Main image of article How Flash Memory Could Shrink the Data Center
[caption id="attachment_9476" align="aligncenter" width="500"] Enterprises are thinking of the best ways to upgrade their data centers' storage capabilities.[/caption] Flash memory has transformed the consumer-tech experience, making it possible for manufacturers to deliver successive waves of affordable smartphones and tablet PCs. But until now, the impact of flash memory on the data center has been comparatively modest. Flash memory in the enterprise has been seen for the most part as an expensive way to boost the performance of high-end applications. In fact, one of the great ironies of IT in recent years has been the widespread availability of flash memory technology in consumer-grade devices, all while remaining too expensive for the average IT organization to afford to use in the enterprise. But as the price of flash memory continues to fall, it’s become cost-effective to use flash memory for Tier 1 and even sometimes Tier 2 persistent storage. As such, not only will there be less dependency on magnetic disk drives going forward, the amount of physical space (and along with it, the amount of energy consumed by the data center) is about to drop. “Some data centers you see these days are the size of a football field,” said Joe Clabby, president of the IT research firm Clabby Analytics. “Now we’re talking about putting 1 petabyte of data in a cabinet.” The end result is savings in the total cost of the data center that transcends the line-item price of flash memory storage. Startup companies such as Pure Storage, Kaminario, Whiptail and NexGen Storage (which was just acquired by Fusion-io) all pioneered the use of flash memory as a primary storage system. In the past several months, IBM, EMC, Hitachi Data Systems, Hewlett-Packard and NetApp have also signaled their intention to deliver flash storage systems that provide shared access to primary storage. At the same time, companies such as SAP have been pushing for the adoption of in-memory computing platforms such as the High Performance Analytics Appliance (HANA) that SAP brought to market as a stand-alone database machine in 2010. In a recent call with financial analysts, SAP co-CEO Jim Hagmann Snabe said that with 1,300 customers and a tripling of HANA sales year over year in the first quarter, it’s clear that HANA is gaining mainstream adoption. What no vendor can seem to agree upon is the degree to which flash memory systems will take control of primary storage. IBM, for example, rolled out an IBM flashSystem 820 all-flash storage system that can be configured with up to 20TB of flash memory storage in a single cabinet at a cost of about $10 per GB. In comparison, high-performance disk storage in enterprise-class storage systems costs about $10 to $12 per GB, and takes up as much as four times the space to provide similar capacity. But given the inefficient ways hard disk drives store data, the total costs of hard disk drive storage in reality is close to $30 per GB. “Magnetic disk drives have served us well, but it’s a mechanical device,” said Steve Mills, senior vice president and group executive for IBM Software and Systems. “One of the reasons that the storage industry is so big is that it’s inefficient. Inefficient markets never last forever.” Magnetic disks are inefficient because developers frequently have to compensate for the way the mechanical device is constructed. To optimize performance, developers often wind up placing data at the edge of any given platter. That results in utilization rates of magnetic disk storage that is nothing short of abysmal. But Inhi Suh, IBM's vice president of information management product strategy, suggests that, while flash memory has a big role to play, organizations are only willing to place so much data at risk on a flash memory system that may crash at any time. As a result, she expects to see flash memory and magnetic disks used in combination for quite some time; in case of a system crash, organizations will want to recover only one or two terabytes of data at most. “You want to make sure you only have to recover data that was relevant to the query being processed,” Suh said.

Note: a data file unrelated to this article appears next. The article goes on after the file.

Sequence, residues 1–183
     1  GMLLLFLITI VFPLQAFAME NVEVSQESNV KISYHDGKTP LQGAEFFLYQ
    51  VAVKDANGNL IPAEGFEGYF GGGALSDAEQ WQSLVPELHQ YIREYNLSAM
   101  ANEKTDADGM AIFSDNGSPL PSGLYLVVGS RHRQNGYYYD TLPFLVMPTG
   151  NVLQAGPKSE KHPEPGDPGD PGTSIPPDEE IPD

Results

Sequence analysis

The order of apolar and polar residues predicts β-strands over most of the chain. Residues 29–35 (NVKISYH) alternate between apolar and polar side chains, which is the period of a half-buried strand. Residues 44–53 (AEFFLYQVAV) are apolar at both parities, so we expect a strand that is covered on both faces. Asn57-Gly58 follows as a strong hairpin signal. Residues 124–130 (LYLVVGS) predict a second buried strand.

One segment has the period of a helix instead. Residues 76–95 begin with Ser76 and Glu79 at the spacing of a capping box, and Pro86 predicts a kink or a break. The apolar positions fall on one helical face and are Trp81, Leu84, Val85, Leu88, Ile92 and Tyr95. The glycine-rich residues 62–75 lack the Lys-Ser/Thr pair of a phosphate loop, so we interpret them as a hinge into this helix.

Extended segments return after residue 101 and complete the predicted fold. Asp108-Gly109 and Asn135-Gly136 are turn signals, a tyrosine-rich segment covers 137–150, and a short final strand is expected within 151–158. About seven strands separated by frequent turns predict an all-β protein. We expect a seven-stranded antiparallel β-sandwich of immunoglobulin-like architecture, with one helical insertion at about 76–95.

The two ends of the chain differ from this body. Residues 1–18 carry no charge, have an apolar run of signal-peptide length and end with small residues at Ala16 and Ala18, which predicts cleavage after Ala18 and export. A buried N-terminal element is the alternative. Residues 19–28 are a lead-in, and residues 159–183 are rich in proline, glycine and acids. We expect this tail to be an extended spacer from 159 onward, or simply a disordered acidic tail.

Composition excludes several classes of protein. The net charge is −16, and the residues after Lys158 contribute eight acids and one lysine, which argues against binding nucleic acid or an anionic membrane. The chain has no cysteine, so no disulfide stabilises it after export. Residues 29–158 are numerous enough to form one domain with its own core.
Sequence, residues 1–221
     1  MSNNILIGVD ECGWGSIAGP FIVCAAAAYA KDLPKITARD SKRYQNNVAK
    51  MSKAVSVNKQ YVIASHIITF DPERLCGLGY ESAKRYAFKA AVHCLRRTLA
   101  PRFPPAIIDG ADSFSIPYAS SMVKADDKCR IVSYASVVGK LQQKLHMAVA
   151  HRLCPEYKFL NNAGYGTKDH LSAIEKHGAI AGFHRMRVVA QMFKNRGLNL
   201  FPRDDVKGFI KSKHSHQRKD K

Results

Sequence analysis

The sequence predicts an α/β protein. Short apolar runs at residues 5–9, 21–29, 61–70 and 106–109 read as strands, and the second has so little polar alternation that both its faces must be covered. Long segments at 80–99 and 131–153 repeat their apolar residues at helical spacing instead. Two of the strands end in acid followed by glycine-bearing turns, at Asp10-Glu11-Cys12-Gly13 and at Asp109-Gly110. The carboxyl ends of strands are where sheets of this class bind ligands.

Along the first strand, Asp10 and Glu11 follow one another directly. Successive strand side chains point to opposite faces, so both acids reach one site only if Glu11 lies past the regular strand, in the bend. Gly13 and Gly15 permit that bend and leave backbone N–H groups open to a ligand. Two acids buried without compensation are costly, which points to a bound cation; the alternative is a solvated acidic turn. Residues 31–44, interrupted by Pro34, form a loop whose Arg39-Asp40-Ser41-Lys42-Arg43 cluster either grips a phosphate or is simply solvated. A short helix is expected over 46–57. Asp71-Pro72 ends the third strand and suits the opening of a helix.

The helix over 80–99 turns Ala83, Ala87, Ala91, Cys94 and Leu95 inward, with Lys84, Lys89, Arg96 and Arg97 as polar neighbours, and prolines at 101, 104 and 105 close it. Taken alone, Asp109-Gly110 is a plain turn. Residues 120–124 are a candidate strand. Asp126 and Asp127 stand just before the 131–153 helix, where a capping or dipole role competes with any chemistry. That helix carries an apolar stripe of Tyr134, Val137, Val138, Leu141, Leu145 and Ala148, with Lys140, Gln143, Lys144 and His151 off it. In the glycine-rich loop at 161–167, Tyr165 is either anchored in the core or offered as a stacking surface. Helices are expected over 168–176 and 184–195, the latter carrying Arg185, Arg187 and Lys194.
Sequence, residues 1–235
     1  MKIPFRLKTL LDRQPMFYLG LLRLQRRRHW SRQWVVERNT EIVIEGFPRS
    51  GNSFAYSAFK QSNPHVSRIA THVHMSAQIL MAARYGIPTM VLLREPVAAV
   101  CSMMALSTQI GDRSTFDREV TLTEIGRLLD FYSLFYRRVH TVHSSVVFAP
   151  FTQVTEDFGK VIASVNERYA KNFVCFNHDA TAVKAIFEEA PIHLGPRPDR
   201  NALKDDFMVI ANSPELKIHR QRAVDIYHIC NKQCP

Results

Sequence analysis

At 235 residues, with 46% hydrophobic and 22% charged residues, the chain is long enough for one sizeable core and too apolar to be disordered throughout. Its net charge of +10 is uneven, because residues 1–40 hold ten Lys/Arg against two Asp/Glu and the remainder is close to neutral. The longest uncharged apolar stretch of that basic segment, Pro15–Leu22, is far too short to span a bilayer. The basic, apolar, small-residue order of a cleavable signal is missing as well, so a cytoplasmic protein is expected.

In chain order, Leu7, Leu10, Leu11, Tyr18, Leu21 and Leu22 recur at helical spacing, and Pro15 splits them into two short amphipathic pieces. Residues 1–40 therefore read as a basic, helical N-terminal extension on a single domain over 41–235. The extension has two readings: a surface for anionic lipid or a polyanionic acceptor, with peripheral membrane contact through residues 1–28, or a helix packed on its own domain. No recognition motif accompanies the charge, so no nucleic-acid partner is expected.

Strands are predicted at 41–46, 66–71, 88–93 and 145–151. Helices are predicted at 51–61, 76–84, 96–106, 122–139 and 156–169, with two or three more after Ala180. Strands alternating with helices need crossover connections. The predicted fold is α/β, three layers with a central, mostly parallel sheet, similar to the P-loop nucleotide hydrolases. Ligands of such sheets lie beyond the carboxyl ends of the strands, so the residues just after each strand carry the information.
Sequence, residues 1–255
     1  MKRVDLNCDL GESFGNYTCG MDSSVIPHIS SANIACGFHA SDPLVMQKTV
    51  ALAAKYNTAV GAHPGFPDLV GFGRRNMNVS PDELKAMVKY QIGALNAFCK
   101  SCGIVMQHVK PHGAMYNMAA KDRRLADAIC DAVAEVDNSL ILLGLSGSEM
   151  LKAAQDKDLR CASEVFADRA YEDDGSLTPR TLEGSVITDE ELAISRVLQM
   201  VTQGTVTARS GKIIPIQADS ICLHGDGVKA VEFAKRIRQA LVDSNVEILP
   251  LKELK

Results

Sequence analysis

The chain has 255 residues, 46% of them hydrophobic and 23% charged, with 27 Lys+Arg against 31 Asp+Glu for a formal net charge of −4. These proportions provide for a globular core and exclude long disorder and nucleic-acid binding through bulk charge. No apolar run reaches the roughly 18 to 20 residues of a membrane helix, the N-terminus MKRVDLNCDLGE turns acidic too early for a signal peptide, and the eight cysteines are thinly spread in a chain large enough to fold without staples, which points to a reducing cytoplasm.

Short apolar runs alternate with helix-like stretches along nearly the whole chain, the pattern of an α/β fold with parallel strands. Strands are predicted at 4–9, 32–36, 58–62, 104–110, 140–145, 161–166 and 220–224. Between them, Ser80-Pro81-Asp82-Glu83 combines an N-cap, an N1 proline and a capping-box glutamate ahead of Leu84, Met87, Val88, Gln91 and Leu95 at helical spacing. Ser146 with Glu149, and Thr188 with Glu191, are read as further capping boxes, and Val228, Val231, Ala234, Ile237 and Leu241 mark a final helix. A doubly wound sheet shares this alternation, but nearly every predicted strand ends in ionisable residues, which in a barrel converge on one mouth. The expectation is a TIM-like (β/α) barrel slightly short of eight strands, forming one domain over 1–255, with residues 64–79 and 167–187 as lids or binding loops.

Flash in the Cloud

Cloud service providers are already beginning to tout the benefits of all-SSD clouds. Cloud Sigma, for example, launched one of the first SSD clouds, which promises to not only outperform rival platforms such as Amazon Web Services, but do it in a way that allows them to take better advantage of data center economics to match existing AWS pricing. CloudSigma COO Bernino Lind hints that solid-state drives will have major implications for service level agreements (SLAs): “With the kind of I/O performance we get we can extend our SLA guarantees.” Cloud Sigma is not the only cloud service provider headed in this direction. Verizon Terremark CTO John Considine believes that, in the not-too-distant future, his company will also make available a cloud offering based entirely on flash memory. The challenge that Considine sees other cloud service providers facing (not to mention internal IT organizations) is the bigger the cloud platform, the more expensive it becomes to overhaul the data centers that support it. As such, cloud service providers that make the transition to all SSD data centers are going to have a significant performance advantage for the foreseeable future. Ultimately, making this transition will prove unavoidable for all IT organizations—not just because of the total cost of magnetic disks, but also the need to eliminate latency that winds up negatively affecting application performance. “The object is to be always keep the data as close as possible to the processor,” Clabby said. “As flash memory pricing comes down it’s starting to turn the whole argument about where data should be stored topsy-turvy.”   Image: kubais/